Gap Insists: No We Really Don't Want You To Shop Yet

from the excuses-getting-weaker dept

It’s getting more and more difficult to figure out what’s going on with The Gap and its various websites. Beyond the surprise that the Gap couldn’t afford any extra servers to build the new site while keeping the old one online, we were then told that the new site would be so spectacular that it would all be okay. So far, the early reviews haven’t seen the spectacularness promised. However, the Gap continues to try to spin this story. The latest report is that the various stores still aren’t fully working, but the Gap says this is on purpose because they want to throttle the traffic so they can “closely monitor the site and study traffic.” That doesn’t make any sense at all. Why would you need to “throttle traffic” in order to monitor traffic? It certainly sounds a lot more like the new site just can’t handle the traffic. So, now, we have a site that was offline for weeks, isn’t that special now that it’s (partially) back and can’t handle normal traffic. Sounds like a great move.

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Comments on “Gap Insists: No We Really Don't Want You To Shop Yet”

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TJ says:

Sending resumes?

It sounds like a good time for skilled IT professionals interested in a change to send their resume to The Gap. They clearly need some help badly. On second thought, they seem so mismanaged that it is probably a miserable place to work. It would be nice though to be able to take a production e-commerce system down for weeks and have management say it was a good thing.

J Surdilla says:

No Subject Given

You have established a good point overall except that you missed one major factor: the season that drives GAP sales.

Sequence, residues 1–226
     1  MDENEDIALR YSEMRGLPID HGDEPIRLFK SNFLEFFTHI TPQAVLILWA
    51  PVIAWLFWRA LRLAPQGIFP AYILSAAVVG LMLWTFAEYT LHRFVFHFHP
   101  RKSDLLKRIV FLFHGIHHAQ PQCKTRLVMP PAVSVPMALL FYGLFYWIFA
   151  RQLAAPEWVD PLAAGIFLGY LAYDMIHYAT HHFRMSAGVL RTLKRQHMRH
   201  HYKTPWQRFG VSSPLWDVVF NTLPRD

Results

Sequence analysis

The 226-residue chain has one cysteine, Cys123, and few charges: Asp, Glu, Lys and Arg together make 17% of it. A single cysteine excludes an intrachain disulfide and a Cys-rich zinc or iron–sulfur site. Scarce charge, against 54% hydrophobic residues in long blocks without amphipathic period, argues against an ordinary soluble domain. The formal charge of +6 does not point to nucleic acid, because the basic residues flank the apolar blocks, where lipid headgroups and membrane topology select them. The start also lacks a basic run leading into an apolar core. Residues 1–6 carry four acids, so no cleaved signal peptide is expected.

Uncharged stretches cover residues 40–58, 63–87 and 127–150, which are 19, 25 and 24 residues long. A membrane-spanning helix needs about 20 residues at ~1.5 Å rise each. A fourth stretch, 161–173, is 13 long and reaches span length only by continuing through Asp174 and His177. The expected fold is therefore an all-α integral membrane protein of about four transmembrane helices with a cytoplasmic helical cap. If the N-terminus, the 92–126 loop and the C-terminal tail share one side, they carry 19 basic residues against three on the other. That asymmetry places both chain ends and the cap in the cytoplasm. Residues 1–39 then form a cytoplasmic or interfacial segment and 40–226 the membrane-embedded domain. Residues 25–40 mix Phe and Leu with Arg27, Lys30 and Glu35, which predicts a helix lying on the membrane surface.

I am not sure about the exact figure but from what I remember, 50-70% of GAP’s total annual sale is from the winter season. That leaves the remaining 30-50% profit divided throughout the rest of the year, which isn’t really evenly divided–most of the remaining percentage will be out of pre and during summer season. By the time the GAP took down its site, summer season is ending.

Now, whether it was more expensive to buy and set up a new server or lose thousands of dollars in sale, who knows? Only they do.

Pete Austin says:

Classic Excuses

Next time you’re faced with a Website that keeps crashing and you are desperately analyzing the logs to try and work out what’s going wrong, you know what to announce: “The traffic is being temporarily throttled on the [your domain] site so that the company can closely monitor the site and study traffic, a company representative said.”

Guys, screw the cost, lease more servers and reinstall the old version. You probably won’t need it, but the peak sales period for a lot of business is Thanksgiving and that’s too close.

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